For clarity and ease of discussion here, I will refer to processes and subsystems of them that are central to the business and its basic business model and plan as being core processes and subsystems. And more secondary and supportive ones that are peripheral to that are, by comparison deemed peripheral processes and subsystems. And to round out this terminology, and for purposes of this discussion, I subdivide peripheral processes and subsystems into two categories too: primary and secondary. Here, primary peripheral processes and subsystems are ones that at least at this time, would make the most sense to keep in-house; doing so would be more cost-effective, it would be more prudent to maintain them in-house for risk management purposes, or both. Secondary peripheral processes and subsystems are ones that might be more effectively outsourced, or even eliminated as unnecessary.

This represents a relatively complex taxonomy, and certainly when considered strictly in light of snapshot views of a business as it is in some here-and-now. But these same terms and the issues that they represent, can be applied in a longer-term business evolution context too. And in that regard, real evolutionary change in usually measurable in both accumulated linear and nonlinear change in processes and subsystems of them in place, and in shifts in process and subsystem status. And this can mean downward shifts where processes move from core to peripheral status or from primary to secondary for that, or it can mean upward shifts where once-peripheral processes can become more crucially central to the business as core elements of its overall operations.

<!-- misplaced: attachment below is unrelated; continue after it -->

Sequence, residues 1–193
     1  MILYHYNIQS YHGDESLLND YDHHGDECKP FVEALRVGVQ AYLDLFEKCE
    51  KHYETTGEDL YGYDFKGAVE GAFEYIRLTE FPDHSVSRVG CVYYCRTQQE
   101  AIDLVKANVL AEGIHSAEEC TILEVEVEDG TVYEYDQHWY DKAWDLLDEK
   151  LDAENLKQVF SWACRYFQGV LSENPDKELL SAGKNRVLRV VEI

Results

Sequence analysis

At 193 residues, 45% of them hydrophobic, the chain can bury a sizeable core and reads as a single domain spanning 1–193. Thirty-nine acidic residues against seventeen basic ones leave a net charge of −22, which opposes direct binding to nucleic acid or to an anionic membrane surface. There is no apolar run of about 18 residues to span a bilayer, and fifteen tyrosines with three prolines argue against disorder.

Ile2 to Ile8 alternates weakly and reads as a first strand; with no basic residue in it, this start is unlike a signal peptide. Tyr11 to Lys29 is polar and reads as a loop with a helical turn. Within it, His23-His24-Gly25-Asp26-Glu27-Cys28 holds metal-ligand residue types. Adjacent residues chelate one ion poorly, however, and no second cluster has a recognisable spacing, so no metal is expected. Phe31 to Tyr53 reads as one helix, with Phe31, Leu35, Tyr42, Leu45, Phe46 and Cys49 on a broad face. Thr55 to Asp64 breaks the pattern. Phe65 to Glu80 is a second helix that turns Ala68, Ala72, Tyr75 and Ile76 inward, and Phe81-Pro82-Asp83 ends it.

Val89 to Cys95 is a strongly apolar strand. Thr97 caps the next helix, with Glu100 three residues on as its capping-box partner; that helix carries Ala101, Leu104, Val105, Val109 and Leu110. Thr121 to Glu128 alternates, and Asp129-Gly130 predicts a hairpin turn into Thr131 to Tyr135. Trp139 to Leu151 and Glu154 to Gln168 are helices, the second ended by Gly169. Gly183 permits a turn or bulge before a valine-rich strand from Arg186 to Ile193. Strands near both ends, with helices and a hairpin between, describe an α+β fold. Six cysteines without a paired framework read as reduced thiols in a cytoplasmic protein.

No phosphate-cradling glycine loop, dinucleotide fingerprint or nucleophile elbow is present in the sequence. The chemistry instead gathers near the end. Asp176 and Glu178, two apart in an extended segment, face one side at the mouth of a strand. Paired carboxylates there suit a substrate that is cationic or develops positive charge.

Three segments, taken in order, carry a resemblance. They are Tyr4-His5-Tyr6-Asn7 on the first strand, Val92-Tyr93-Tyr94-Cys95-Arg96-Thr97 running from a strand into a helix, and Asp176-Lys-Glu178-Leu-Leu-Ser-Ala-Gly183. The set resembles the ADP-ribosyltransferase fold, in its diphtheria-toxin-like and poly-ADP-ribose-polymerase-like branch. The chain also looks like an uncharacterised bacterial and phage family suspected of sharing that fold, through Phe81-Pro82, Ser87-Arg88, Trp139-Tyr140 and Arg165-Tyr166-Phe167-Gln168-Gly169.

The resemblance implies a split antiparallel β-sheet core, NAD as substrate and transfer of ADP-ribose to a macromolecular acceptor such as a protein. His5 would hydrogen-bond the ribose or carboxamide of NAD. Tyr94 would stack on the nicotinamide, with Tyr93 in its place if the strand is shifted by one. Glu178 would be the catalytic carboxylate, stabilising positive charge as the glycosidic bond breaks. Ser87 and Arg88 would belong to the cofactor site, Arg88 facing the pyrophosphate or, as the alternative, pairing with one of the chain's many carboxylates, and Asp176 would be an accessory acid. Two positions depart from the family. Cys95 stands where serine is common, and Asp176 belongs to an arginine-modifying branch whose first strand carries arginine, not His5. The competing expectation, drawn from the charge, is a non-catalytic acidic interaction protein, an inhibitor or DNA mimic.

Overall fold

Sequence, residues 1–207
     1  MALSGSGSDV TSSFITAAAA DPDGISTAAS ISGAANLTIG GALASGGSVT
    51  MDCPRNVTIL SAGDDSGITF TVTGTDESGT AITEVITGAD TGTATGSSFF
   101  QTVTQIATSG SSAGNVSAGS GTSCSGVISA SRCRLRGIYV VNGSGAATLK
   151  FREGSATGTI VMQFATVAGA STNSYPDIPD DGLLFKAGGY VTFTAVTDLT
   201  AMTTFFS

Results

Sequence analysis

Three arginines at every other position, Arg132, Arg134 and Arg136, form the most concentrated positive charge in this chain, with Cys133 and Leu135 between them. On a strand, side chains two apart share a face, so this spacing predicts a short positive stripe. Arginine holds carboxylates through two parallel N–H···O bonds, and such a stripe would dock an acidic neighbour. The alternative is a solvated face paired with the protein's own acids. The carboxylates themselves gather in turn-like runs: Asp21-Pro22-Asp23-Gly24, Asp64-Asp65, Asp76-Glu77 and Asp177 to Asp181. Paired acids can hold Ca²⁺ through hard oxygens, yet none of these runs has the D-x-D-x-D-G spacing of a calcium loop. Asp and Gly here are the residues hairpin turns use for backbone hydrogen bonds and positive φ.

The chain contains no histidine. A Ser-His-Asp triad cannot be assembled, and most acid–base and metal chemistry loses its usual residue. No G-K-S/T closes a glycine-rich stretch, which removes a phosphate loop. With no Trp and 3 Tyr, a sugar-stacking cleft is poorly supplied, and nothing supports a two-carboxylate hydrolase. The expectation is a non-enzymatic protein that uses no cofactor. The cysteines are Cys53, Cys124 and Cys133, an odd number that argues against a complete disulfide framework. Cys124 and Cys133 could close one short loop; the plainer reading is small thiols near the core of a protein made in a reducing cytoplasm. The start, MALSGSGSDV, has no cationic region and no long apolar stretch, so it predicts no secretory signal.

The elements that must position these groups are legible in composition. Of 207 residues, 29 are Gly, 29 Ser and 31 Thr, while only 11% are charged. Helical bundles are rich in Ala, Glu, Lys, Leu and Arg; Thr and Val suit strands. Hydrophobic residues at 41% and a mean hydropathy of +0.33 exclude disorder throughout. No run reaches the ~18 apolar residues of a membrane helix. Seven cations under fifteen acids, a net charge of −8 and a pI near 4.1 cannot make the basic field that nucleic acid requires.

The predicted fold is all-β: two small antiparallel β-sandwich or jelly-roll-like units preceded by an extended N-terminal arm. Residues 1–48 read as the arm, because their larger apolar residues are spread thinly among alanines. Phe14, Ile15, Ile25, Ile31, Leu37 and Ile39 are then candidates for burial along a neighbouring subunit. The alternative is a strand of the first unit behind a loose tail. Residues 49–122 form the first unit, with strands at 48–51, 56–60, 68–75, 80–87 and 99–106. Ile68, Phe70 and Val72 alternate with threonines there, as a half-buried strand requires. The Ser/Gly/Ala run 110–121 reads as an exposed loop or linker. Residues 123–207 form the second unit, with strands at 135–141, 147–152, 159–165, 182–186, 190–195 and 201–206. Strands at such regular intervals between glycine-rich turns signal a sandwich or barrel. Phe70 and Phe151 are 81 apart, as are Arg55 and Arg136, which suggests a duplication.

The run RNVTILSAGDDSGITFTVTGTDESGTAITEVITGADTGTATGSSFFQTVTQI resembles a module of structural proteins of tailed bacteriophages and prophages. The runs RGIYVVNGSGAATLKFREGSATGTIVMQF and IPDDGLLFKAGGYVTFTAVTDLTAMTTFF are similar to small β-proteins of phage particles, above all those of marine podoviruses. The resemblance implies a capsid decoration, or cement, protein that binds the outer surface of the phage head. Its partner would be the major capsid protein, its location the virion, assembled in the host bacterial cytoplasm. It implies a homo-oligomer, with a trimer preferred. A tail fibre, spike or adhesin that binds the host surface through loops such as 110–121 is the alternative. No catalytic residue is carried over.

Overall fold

And with that last, albeit complex and detailed piece to this general pattern of possible change in place, I turn here to at least begin to consider the specifics and how this generally stated approach would be used in analyzing and advancing a business through change.

Begin with the issues of that organizational component taxonomy and with a determination of what is and is not core, and what is and is not peripheral – and what might appear to be both depending on context and situation. Different functionally focused stakeholders might reach different conclusions there, and it is important to both clarify and discuss those differences and reach a working consensus that all key stakeholders can come to at least tacit agreement upon. And for peripheral elements in the business and its operations, determine what of this might in fact be primary or secondary. And for all of this, look for nonlinearities – places where simply scaling up according to the pattern in place would create inefficiencies. And I end this posting by noting an old saying that I have at least occasionally found reason to cite in this blog: “the devil is in the details.”

I am going to continue this discussion in a next series installment where I will explicitly look into the devil in those details for this, and a range of next step issues that arise there and from taking on that exercise. Meanwhile, you can find this and related postings and series at Business Strategy and Operations – 4, and also at Page 1, Page 2 and Page 3 of that directory.